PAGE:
Tuesday, February 13

Faking The Net: Sony

I've written about anonymous posters and blogs before, most recently about The Branding Foundry's ill-advised critique on anonymous posters. However, there is one time that the spirit of anonymous blogging is truly abused.

It's a growing trend that breaches ethics and crosses over to fraud: anonymous blogs written by companies to bolster positive reviews. It's not surprising to me that some companies would use anonymous blogs to bump up sales, but I am still surprised by which companies have engaged in spinning fiction and then attempt to justify their actions under the label stealth marketing.

Sony was just one of the companies exposed in late 2006. Considering Sony's annual sales exceeded $16.7 billion with plenty of products considered among the best in the field, it didn't make much sense that it would approve a fake blog, created by viral marketing firm Zipatoni to promote the PSP.

Although MR Wavetheory incorrectly suggests "all publicity is good publicity," the retired Silicon Valley venture capitalist turned blogger was right to say Sony may as well kept the "flog" up when it came under fire. That would have been a fine place to begin some crisis communication efforts.

Of course, the main reason this 2006 news is relevant today is because Sam Coates, writing for TimesOnline, reported and brought additional attention to the fact that "floggers" could face criminal prosecution under new rules that will soon come into force.

Businesses that write fake blog entries or create Web sites purporting to be from customers will fall foul of a European directive banning them from “falsely representing oneself as a consumer,” he writes. The change will also become law in the United Kingdom, establishing that floggers can be named and shamed by trading standards or even taken to court. This includes people who write fake reviews on Web sites such as Amazon. (Amazon did tighten its review procedures in 2004 after John Rechy gave himself a five-star review while posing as a reader from Chicago).

Incidentally, what consumers do not know is there are plenty of "pay-for-space" Web sites, magazines, tabloids, and television/radio shows that have been acting as neutral reviewers since publishing first came into fashion hundreds of years ago. Many of them do not provide the consumer any disclaimers or evidence that the reviews and/or puff pieces are paid advertisements, generally called advertorials.

Whether the new law will spill over to the "pay-for-space" arena is unclear. But what is clear is that business people in the United Kingdom and United States posing as supposedly independent customers in an attempt to boost sales is ethically wrong. It's a shame too, because all they have to do is offer up the smallest disclaimer to fall on the right side of the line.

What's also a shame is that "flogging" is completely unnecessary, but some less ethical people in my industry make a living at it, convincing their clients with a kindergarten argument that it's all right because everybody is doing it. Sure, "astroturfing" as Frank Ahrens of the Washington Post correctly calls it, it is not new. Companies, politicians, and governments have hired "influencers" in specific demographics to spread the word about a product or service or political issue for years.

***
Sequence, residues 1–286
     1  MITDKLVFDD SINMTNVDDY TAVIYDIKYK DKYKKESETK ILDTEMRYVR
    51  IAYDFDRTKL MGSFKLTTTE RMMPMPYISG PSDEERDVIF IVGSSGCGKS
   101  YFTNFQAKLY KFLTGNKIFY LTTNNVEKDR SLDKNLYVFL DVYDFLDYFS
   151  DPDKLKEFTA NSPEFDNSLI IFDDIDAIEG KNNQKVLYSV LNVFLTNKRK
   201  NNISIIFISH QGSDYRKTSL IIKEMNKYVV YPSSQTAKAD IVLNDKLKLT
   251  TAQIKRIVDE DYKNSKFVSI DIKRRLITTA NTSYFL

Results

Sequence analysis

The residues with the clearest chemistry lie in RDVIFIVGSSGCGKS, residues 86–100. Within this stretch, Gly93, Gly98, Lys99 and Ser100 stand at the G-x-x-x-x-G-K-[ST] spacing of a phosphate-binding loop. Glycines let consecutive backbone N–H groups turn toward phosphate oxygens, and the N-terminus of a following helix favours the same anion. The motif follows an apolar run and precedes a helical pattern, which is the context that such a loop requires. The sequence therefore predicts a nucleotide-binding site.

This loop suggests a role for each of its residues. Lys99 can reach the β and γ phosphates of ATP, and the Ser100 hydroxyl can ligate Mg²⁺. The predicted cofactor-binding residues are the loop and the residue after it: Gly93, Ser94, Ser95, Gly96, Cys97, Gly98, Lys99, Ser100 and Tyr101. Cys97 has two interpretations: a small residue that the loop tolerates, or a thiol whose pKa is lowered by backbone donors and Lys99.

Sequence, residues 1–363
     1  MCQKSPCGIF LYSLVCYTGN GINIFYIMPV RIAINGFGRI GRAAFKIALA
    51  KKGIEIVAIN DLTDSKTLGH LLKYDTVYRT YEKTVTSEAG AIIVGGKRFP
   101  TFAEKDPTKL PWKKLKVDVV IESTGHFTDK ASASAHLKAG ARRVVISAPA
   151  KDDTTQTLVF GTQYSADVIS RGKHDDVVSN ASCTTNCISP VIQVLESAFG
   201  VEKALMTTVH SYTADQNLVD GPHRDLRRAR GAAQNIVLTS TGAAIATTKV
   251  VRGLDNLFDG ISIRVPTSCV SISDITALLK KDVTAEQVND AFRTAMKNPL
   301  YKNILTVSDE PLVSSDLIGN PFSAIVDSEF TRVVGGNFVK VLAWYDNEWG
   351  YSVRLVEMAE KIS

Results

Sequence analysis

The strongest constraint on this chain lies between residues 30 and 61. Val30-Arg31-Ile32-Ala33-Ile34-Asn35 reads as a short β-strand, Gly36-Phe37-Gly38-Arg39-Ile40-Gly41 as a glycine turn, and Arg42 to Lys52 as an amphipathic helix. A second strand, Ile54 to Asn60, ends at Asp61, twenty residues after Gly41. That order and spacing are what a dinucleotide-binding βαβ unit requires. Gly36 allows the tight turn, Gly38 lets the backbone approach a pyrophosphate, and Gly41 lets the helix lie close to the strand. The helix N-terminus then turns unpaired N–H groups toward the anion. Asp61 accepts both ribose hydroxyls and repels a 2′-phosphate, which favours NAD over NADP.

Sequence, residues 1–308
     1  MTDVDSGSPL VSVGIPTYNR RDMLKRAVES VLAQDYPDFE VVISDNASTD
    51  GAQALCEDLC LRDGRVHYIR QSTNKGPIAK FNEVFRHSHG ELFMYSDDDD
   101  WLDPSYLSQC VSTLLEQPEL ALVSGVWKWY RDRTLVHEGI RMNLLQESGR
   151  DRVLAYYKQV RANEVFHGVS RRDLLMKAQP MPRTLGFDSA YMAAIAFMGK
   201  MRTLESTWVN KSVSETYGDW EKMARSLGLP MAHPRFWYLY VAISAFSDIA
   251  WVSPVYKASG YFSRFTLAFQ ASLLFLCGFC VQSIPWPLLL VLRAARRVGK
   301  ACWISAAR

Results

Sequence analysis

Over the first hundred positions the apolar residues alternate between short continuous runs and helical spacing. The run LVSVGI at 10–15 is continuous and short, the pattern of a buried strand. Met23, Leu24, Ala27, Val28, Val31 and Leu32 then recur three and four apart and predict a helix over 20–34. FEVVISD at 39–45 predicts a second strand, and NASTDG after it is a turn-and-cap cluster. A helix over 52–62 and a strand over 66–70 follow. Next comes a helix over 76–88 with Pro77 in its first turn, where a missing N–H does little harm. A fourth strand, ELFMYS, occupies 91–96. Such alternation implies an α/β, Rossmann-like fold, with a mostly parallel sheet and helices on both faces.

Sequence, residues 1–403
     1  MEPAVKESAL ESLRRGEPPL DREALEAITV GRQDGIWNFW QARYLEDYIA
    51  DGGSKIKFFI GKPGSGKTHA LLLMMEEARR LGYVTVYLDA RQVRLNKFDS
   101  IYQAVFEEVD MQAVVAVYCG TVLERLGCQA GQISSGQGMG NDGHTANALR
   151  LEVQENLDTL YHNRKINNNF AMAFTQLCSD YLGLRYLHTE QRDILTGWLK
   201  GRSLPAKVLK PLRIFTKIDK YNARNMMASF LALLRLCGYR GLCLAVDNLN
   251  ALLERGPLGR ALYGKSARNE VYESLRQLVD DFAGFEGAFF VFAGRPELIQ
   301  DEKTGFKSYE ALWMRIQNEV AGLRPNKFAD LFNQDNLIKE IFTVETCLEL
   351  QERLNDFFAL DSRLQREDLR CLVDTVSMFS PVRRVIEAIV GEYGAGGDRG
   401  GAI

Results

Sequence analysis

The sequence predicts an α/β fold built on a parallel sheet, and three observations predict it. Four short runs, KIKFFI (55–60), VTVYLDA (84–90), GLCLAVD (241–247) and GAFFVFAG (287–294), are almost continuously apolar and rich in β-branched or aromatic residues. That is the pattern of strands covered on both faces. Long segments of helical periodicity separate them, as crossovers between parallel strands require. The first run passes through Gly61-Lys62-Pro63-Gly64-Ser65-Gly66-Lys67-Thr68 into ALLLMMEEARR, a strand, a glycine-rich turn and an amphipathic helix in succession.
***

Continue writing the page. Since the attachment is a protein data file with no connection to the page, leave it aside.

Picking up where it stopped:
Microsoft even landed in hot water after it offered to pay a blogger to change technical articles on Wikipedia, the community-produced Web encyclopedia site. Microsoft's defense is that the articles were heavily written by people at IBM Corp. Microsoft also claims it has gotten nowhere trying to correct what it defines as "inaccuracies" by following Wikipedia protocol.

To me, the Microsoft case pales in comparison to a business pretending to be a consumer (maybe Microsoft is right and maybe Microsoft is wrong in this case), but it certainly reminds us that Wikipedia is hardly the end all to research. Still, Microsoft would have been better off commissioning an article that refuted Wikipedia or simply finding someone sympathetic who would have done it for free. (Oh right, that would mean developing a public relations strategy. How silly of me.)

The bottom line is that no one needs to fake it to reach the same effect. There are plenty of publications that will run feature releases without a single edit (sometimes, anyway). There are plenty of journalists and bloggers who become product fans. There are plenty of consumers who seem perfectly willing to accept advertorials as fact, even with disclaimers.

And, of course, it doesn't take much to realize that if your advertising is ineffective, maybe you have the wrong message. That seems like a great place to start, at least much better than spending even more money trying to cheat the public.



Rich on 2/14/07, 10:14 AM said...

Famous Last Words:

"Funny how ethics and self-regulation just never seem to be enough." — Brooke Capps, Ad Age


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